Problem: Several readers recently asked us about the use of semicolons versus commas in a complex sentence.
Lesson: The semicolon denotes a break or pause in the sentence that's greater than that of a comma but less than that of a period. Often, how great a break you need is a subjective decision. It also avoids confusion in comma-heavy sentences.
Use a semicolon:
• When you want a stronger break than a comma, including in a sentence with a coordinating conjunction. Example: More than 200 citizens spoke in favor of the proposed amendment; but by the evening's end, no commis-sioner had stepped forward to support it.
• Before a second independent clause that offers an example. Example: He has excellent; for example, I once watched him convert an irate customer into one of our biggest fans within minutes.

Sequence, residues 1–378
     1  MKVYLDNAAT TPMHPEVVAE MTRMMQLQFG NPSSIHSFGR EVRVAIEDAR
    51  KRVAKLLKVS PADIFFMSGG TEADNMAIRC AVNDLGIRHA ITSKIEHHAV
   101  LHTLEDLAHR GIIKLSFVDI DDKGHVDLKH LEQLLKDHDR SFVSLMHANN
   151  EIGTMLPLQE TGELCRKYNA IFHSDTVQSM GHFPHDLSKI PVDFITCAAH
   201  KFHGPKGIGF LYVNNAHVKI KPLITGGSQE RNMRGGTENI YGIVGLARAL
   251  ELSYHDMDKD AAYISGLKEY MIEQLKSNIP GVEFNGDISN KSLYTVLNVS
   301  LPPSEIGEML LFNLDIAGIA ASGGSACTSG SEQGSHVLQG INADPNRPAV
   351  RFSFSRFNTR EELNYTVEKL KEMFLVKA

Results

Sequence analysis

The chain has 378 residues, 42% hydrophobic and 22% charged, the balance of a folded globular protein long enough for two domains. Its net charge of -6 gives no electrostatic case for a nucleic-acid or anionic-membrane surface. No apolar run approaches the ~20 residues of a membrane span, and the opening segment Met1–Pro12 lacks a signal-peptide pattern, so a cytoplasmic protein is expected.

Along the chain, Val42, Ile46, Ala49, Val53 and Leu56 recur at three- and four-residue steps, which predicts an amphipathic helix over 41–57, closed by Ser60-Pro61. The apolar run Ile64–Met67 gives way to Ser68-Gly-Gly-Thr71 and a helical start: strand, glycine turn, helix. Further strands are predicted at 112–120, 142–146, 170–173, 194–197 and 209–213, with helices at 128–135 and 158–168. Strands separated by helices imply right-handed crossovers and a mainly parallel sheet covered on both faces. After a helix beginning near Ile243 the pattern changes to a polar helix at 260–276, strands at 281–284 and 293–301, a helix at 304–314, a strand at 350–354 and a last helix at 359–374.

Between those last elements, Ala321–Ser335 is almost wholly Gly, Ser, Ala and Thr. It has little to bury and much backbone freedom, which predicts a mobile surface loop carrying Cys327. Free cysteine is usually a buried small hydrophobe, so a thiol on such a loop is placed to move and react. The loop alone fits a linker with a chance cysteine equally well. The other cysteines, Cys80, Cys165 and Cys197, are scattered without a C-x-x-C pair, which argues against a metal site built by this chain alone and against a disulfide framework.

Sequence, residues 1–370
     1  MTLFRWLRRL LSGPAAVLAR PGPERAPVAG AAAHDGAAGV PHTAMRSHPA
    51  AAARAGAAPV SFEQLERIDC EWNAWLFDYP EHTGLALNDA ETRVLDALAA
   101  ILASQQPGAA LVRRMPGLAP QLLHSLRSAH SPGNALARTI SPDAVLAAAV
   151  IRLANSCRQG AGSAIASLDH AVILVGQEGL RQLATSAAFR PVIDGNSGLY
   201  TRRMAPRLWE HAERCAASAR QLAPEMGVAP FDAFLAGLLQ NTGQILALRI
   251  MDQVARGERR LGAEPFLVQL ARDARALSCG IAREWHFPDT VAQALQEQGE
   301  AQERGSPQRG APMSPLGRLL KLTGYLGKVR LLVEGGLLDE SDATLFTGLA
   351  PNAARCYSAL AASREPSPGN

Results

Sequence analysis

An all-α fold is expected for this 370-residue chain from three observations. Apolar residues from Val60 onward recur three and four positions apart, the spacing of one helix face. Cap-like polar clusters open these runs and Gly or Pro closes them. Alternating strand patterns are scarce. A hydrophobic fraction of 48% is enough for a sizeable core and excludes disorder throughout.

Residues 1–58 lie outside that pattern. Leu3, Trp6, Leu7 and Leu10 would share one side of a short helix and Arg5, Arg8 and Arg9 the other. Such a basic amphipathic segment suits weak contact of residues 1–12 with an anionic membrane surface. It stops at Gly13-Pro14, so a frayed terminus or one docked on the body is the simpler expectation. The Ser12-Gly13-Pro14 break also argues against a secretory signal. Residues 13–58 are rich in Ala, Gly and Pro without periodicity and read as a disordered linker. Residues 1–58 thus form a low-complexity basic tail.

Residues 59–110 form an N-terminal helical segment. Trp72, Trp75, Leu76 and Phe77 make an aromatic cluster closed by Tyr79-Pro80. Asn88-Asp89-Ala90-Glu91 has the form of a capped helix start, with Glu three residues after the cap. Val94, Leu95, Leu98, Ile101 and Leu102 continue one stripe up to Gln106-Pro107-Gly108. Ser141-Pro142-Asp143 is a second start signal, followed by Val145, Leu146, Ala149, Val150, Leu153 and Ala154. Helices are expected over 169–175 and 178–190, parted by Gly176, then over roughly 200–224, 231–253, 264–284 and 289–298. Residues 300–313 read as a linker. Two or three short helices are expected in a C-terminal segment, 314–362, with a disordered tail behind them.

• When two independent clauses are too closely related to stand as separate sentences, but you're not joining them with a coordinating conjunction (and, but, or, nor). Example: The first applicant has experience with Web design; the second applicant has no related experience.
• To separate items in a complex series or clauses that also include commas. Example: The politician spoke of motherhood and apple pie; law and order; and truth, justice and the American way.
Peeved by a common error? Puzzled by perplexing grammar rules? Send us an e-mail at firstname.lastname@example.org with the subject "Grammar." Or call us at (703) 905-4850.
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